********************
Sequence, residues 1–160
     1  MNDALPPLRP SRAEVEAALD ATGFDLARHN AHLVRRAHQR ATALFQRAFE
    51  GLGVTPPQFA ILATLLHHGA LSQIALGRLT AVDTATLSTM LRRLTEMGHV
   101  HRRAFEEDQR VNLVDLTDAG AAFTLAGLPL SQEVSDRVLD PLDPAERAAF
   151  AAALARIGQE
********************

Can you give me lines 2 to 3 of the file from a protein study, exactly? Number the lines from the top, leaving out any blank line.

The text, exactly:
     1  MNDALPPLRP SRAEVEAALD ATGFDLARHN AHLVRRAHQR ATALFQRAFE
    51  GLGVTPPQFA ILATLLHHGA LSQIALGRLT AVDTATLSTM LRRLTEMGHV